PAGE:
Ecommerce is big business. Hundreds of billions of electronic transactions occur globally each year and this figure is set to continue to rise. Unfortunately as this business has grown it has become prey to some nefarious operators who are keen to get their hands on a slice of the money by any means necessary. Hackers have managed to come up with many devious ways of intercepting sensitive information through the use of malware like viruses and Trojan horses. One method which has been responsible for theft of vast sums of money is known as ‘phishing’.
What are phishing scams?
The word phishing refers to a term where email lures are used to ‘phish’ sensitive data like bank logins and passwords from unsuspecting victims. The use of ‘ph’ instead of an ‘f’ in the word comes from early hackers that were known as ‘phreaks‘.
Phishing scams have been around since the mid 1990′s and since their initiation they have grown and developed in order to evade detection. The original method of deceiving users into replying to e-mail requests for passwords and credit card details has now evolved to include fake web pages, installation of Trojan key-loggers, man-in-the-middle data proxies and screen captures.
All of these methods are delivered through electronic communication channels and target sensitive information belonging to the victim.
As a result of the high success rate of phishing scams these systems now even include fake job sites or job offers. Applicants are attracted with the promise of high earnings for a small investment of time. In order to participate all they are required to do is to create a new bank account, then take the funds that have been transferred into it, less their personal commission, and transfer it forward as an international money order. This is money laundering and although the victim here might not lose their own personal funds it is possible to suffer prosecution and even imprisonment as a result of this ruse.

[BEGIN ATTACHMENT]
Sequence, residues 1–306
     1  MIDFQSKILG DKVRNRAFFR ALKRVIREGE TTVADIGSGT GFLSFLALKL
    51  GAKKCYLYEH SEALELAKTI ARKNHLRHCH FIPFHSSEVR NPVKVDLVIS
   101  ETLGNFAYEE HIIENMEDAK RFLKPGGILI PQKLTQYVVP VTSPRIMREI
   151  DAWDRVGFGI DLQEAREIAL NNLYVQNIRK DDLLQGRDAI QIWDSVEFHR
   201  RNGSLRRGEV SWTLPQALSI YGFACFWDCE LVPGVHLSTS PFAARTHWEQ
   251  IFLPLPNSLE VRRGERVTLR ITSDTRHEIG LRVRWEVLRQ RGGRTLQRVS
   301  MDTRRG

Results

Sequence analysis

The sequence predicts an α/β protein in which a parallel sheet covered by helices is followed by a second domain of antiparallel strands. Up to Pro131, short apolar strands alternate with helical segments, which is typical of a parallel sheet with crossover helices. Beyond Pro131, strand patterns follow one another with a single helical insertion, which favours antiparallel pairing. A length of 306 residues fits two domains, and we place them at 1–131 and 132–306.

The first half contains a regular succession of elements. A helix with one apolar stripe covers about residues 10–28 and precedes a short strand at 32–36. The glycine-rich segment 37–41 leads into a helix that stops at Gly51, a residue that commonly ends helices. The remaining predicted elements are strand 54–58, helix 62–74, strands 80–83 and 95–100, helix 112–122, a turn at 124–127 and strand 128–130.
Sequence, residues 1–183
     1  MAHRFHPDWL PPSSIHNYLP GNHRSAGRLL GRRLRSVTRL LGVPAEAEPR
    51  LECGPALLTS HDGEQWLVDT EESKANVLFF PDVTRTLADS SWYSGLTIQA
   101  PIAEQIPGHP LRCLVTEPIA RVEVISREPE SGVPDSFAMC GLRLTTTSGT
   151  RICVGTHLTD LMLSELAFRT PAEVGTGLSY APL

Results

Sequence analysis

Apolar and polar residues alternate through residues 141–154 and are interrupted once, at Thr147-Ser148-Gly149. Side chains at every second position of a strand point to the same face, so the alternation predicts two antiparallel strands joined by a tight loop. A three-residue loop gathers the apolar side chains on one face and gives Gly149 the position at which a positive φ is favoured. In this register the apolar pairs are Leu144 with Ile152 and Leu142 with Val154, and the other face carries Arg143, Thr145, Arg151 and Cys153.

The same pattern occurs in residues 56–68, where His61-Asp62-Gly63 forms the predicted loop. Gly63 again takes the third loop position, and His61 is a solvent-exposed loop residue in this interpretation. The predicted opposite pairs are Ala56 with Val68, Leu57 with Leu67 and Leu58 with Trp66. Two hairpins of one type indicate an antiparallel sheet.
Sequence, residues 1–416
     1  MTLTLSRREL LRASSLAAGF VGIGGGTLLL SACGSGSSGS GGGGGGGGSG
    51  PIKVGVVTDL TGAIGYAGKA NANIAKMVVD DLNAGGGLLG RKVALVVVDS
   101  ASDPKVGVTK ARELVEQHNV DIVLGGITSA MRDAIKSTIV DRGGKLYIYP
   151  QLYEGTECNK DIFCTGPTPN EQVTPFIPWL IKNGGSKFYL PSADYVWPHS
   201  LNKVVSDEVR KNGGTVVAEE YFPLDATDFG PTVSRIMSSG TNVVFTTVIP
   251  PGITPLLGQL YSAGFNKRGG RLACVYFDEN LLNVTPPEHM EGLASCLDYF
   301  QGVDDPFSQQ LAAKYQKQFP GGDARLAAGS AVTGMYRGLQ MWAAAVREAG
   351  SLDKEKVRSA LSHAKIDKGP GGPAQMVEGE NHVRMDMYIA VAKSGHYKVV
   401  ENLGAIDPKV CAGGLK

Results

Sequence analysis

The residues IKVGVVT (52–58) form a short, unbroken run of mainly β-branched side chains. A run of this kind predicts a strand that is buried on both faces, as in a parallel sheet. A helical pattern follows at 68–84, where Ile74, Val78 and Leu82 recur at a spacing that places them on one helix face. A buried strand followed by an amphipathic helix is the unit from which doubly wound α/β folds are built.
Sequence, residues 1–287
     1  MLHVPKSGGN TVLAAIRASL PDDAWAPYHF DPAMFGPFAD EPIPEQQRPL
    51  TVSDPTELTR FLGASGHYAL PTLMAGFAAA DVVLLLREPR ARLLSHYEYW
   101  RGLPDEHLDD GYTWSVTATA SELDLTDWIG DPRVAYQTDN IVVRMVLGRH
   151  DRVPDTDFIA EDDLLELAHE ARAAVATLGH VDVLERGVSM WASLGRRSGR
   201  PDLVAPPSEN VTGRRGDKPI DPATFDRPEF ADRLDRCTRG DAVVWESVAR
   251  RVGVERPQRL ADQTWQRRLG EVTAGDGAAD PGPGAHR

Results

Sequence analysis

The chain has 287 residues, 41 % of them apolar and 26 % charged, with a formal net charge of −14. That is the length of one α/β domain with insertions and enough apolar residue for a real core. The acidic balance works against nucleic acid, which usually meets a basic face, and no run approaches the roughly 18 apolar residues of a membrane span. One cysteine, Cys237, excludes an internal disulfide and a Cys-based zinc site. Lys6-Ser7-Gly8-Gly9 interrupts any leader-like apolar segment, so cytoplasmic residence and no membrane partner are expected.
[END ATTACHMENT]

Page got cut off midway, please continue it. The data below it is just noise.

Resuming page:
How to spot suspicious signs
Luckily, although hackers are technically gifted, they are also prone to making mistakes and there are plenty of tell-tale signs that will let you know that the email you have received, or the webpage you are on, is part of a phishing scam. If you have an email from a company that you have not dealt with before, it is probably part of a scam.
Phishing emails often have small spelling and grammar mistakes which you will not find if the source is legitimate. Pay close attention to the senders address and if you are unsure compare it with other emails that you have had from that bank or business. If the message requires an immediate response or contains a threat of legal action it may also be part of a con. You should also pay close attention to the security certificates and web address for any site that you are on. Secure web addresses will start with https and display a padlock symbol to show that they are safe.
[Recommended read: How to Detect Malicious Websites]
How to make sure you don’t become the victim of a phishing scam
You do need to pay close attention to what you are doing when performing transactions on the internet. Take care with any emails that you receive and check them carefully before you proceed. Do not click on links in messages and use the address bar on your internet browser to locate websites to check their level of security. As a general rule of thumb, if you don’t think it looks right, do not enter your information.
[Read also: How to Stay Safe Online]